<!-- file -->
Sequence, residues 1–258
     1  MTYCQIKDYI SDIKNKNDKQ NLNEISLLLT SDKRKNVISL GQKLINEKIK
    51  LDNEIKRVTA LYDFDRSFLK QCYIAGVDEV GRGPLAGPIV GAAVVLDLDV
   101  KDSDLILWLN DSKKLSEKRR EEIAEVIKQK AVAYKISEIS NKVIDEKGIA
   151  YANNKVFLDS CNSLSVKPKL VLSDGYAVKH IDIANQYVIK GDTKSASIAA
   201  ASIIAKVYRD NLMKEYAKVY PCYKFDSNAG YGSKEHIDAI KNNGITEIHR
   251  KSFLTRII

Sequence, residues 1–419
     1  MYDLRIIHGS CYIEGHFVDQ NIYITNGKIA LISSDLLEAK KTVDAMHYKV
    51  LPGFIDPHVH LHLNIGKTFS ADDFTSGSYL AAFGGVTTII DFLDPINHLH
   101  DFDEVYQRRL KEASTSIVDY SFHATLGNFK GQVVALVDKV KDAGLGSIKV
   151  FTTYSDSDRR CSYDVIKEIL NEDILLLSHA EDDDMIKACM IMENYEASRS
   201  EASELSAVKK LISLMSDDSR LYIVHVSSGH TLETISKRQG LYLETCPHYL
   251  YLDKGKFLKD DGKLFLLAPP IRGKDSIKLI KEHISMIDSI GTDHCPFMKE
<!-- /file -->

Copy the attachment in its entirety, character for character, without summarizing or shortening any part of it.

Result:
Sequence, residues 1–258
     1  MTYCQIKDYI SDIKNKNDKQ NLNEISLLLT SDKRKNVISL GQKLINEKIK
    51  LDNEIKRVTA LYDFDRSFLK QCYIAGVDEV GRGPLAGPIV GAAVVLDLDV
   101  KDSDLILWLN DSKKLSEKRR EEIAEVIKQK AVAYKISEIS NKVIDEKGIA
   151  YANNKVFLDS CNSLSVKPKL VLSDGYAVKH IDIANQYVIK GDTKSASIAA
   201  ASIIAKVYRD NLMKEYAKVY PCYKFDSNAG YGSKEHIDAI KNNGITEIHR
   251  KSFLTRII

Sequence, residues 1–419
     1  MYDLRIIHGS CYIEGHFVDQ NIYITNGKIA LISSDLLEAK KTVDAMHYKV
    51  LPGFIDPHVH LHLNIGKTFS ADDFTSGSYL AAFGGVTTII DFLDPINHLH
   101  DFDEVYQRRL KEASTSIVDY SFHATLGNFK GQVVALVDKV KDAGLGSIKV
   151  FTTYSDSDRR CSYDVIKEIL NEDILLLSHA EDDDMIKACM IMENYEASRS
   201  EASELSAVKK LISLMSDDSR LYIVHVSSGH TLETISKRQG LYLETCPHYL
   251  YLDKGKFLKD DGKLFLLAPP IRGKDSIKLI KEHISMIDSI GTDHCPFMKE